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Problem of the Week #45 - February 4th, 2013

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Chris L T521

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Jan 26, 2012
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Thanks to those who participated in last week's POTW!! Here's this week's problem!

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Problem: Does there exist an integer $n$ such that $29\mid n^2-5$? If so, find the smallest such integer.

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Remember to read the POTW submission guidelines to find out how to submit your answers!
 
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Chris L T521

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This week's problem was correctly answered by Bacterius, jakncoke, and Sudharaka. You can find Sudharaka's answer below (which utilizes the Legendre symbol rather nicely):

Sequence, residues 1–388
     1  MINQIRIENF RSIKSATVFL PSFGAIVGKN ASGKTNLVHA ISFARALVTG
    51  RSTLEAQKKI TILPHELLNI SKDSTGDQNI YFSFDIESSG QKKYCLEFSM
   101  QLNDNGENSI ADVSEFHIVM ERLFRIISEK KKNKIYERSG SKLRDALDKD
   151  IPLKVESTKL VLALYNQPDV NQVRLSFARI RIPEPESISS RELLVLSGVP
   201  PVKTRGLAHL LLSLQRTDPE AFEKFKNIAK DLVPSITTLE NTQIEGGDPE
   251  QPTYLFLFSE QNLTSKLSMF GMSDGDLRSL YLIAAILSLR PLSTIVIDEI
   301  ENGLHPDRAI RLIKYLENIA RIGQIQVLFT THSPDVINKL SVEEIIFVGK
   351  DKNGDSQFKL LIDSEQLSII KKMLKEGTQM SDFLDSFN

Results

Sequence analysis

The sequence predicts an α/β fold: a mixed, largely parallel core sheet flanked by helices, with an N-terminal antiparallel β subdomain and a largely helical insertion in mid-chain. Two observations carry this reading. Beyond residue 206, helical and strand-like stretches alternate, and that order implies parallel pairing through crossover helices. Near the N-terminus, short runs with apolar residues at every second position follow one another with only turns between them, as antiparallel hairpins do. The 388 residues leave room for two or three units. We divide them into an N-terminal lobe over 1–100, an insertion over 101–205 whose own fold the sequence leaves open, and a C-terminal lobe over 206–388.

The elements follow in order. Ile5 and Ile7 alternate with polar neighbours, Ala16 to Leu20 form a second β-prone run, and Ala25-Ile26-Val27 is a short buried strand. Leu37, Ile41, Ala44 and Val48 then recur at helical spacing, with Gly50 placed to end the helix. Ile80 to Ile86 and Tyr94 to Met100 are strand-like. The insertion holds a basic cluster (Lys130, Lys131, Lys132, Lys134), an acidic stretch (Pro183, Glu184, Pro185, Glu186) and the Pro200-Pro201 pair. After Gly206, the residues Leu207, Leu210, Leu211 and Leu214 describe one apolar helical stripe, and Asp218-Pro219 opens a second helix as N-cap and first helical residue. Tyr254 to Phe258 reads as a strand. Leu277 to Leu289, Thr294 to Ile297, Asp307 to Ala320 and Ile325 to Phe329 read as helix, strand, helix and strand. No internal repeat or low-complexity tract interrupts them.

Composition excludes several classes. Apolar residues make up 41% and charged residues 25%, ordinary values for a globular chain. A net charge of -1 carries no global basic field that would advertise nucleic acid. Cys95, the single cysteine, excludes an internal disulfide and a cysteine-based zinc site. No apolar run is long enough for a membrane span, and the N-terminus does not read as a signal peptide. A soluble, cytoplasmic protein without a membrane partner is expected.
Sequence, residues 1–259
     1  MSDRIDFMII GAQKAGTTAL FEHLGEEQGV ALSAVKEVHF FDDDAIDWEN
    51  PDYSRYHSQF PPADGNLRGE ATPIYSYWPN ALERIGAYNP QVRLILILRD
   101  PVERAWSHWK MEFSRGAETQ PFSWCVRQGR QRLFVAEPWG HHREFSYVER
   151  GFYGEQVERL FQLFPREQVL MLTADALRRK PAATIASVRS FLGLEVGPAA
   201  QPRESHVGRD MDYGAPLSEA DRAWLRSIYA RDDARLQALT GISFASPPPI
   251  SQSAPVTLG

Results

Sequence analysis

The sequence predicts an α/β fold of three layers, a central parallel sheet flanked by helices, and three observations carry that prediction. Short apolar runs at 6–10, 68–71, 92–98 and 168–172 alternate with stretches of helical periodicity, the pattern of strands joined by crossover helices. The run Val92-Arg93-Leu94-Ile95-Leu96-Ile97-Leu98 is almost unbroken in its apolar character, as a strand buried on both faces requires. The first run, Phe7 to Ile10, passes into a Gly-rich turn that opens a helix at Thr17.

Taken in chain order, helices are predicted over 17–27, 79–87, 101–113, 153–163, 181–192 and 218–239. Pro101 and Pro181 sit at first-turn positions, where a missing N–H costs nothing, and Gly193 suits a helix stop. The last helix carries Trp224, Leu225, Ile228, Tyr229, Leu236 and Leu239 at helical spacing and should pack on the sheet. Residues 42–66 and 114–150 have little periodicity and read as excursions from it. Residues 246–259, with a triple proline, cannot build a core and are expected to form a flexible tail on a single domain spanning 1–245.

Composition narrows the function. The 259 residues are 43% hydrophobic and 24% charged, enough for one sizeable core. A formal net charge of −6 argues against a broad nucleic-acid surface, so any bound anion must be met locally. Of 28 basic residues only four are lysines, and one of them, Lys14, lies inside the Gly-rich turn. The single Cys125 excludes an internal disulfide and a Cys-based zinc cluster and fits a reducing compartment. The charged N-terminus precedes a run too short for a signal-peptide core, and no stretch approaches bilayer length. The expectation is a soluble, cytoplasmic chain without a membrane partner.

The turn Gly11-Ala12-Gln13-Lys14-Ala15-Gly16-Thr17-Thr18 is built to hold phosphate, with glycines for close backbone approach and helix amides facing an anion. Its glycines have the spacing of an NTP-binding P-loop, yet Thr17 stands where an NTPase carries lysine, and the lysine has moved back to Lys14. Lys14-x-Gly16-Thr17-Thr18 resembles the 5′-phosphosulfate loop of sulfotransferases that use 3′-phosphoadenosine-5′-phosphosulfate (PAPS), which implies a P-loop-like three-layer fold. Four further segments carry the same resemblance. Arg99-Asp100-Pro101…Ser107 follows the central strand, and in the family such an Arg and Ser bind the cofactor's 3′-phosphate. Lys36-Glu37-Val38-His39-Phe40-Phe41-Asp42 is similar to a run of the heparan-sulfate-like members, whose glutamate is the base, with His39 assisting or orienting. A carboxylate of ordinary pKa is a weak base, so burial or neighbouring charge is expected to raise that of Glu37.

This problem is equivalent to solving the following congruence. \[n^2\equiv 5\mbox{ (mod 29)}\]
Consider the Legendre symbol, \(\displaystyle \left(\frac{5}{29}\right)\). By the law of quadratic reciprocity we get,
\[\left(\frac{5}{29}\right)=(-1)^{\left(\frac{5-1}{2}\right)\left(\frac{29-1}{2}\right)}\left(\frac{29}{5}\right)=\left(\frac{4}{5}\right)=\left(\frac{2}{5}\right)^2\]
Since, \(\displaystyle \left(\frac{2}{5}\right)=\pm 1\) we get,
\[\left(\frac{5}{29}\right)=1\]
Therefore the congruence \(n^2\equiv 5\mbox{ (mod 29)}\) has solutions. Substituting values starting from \(0\) we can see that the smallest value which satisfies the congruence is \(11\).

Check out Bacterius' solution for an alternative (yet similar) approach:

The equation $n^2 - 5 \equiv 0 \pmod{29}$ can be written $n \equiv \sqrt{5} \pmod{29}$. Note that:$$5^{\frac{29 - 1}{2}} \equiv 1 \pmod{29}$$
Therefore $5$ is a quadratic residue modulo $29$, and we have two solutions:
$$n \equiv 11 \pmod{29}$$
$$n \equiv 18 \pmod{29}$$
Which gives every possible solution for $n$. The first few solutions are:
$$n = 11 + 0 \cdot 29, 18 + 0 \cdot 29, 11 + 1 \cdot 29, 18 + 1 \cdot 29, \cdots ~ ~ ~ \Longleftrightarrow ~ ~ ~ n = 11, 18, 40, 47, \cdots$$
So the smallest solution is $n = 11$, and there are infinitely many of them.
 
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